Thanks to Elizabeth O’Neal from Little Bytes of Life for hosting the April 2016 Genealogy Blog Party.
Here is my contribution, focusing on a relative I would like to introduce. When I think of parties I think of fun and excitement, sadly my second Great-Grandmother Frances Elms (nee Stevens) had a life far removed from frivolity and happiness so she was someone I thought I would like to bring to the party to show her that her life wasn’t in vain.
Who is the ancestor you will meet?
Please meet my second Great-Grandmother, Frances Elms (nee Stevens) who was believed to have been born 1863 in West Maitland, New South Wales, Australia. I am yet to prove evidence of her birth or that her parents were Charles Stevens and Frances Hopkins. She first married John Sidney in 1882 but was noted as a widow on her marriage certificate to Robert Elms in 1884, aged just 21 years of age.
I first became aware of the sad plight of her when I was looking for information on my Elms family on Trove http://trove.nla.gov.au, the online site for free Australian historical newspapers, I found the following article from The Armidale Express and New England General Advertiser dated 15 November 1889.
Frances was committed to Gladesville Mental Asylum in NSW, Australia soon after this article appeared and would stay institutionalised until the day she died on 6 May 1916 in another hospital, Kenmore Mental Asylum in Goulburn, NSW, Australia.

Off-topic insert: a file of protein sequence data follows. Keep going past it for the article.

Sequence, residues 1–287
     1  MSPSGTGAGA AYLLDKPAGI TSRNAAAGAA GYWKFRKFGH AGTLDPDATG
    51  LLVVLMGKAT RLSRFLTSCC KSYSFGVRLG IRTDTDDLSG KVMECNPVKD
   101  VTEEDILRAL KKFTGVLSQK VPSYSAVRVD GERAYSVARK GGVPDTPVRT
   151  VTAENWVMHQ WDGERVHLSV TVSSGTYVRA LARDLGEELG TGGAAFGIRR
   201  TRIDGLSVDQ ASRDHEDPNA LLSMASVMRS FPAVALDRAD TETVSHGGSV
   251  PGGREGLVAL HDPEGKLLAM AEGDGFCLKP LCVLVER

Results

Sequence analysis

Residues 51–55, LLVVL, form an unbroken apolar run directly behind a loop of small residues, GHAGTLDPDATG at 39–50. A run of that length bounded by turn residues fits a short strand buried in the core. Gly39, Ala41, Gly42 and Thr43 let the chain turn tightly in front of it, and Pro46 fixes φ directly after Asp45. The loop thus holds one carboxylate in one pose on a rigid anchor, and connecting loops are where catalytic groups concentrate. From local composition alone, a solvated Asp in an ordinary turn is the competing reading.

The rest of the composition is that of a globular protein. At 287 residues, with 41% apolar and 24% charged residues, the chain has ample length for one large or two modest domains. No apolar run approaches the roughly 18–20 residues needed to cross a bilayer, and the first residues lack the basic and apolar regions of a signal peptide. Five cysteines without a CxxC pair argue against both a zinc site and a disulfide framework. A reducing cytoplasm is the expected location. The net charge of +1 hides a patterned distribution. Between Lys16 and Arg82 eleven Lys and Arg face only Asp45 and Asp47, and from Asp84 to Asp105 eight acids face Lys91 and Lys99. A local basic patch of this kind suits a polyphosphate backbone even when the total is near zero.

Frances Elms – Death Certificate – 6 May 1916
I found it most upsetting that her death certificate could not provide any family information of her children, her husband or her parents.
What question(s) do you need him/her to answer?
I have hit a brick wall with Frances. I dearly would love to be able to talk to her, to find out about her early family life and who her parents were and to find out what happened to her three daughters Florence (my Great Grandmother), Emily, and Lily who was the babe in arms mentioned in the article when she was sent to the asylum.
Is there a problem you can help your ancestor solve?
Reading the rest of the newspaper reports, I wondered whether it was post-natal depression that she was suffering or if there was a more sinister reason that her husband contributed to her being committed. Sadly his days also ended in an Asylum. Perhaps together we could have sought the treatment that Frances needed and she would have had a different life.
Will you reveal your true identity to your ancestor? If so, how will your visit impact the future?
Absolutely! I would dearly love to show her that her life wasn’t in vain.
Will you bring your ancestor to the future to meet his/her descendants? What will be the outcome, if you do?
I would love to reunite her with her daughters. Another poignant moment in my research of Florence Kenyon (nee Elms), my Great Grandmother came when I received her marriage certificate from 1903 and it was noted that both her parents were deceased. A red herring at the time, but with further research I was able to prove that her parents were indeed Frances Elms who died years later in 1916 and Robert Elms who died in Gladesville Mental Asylum on the 8 July 1908 and that the Master of Lunacy had written a letter to the now Mrs Kenyon demanding her contact him to settle the outstanding account owing for her father’s institutionalisation. Did Frances’ daughters know their parents were still alive or was Florence so ashamed that she deliberately marked them as deceased on marrying Percy Herbert Kenyon?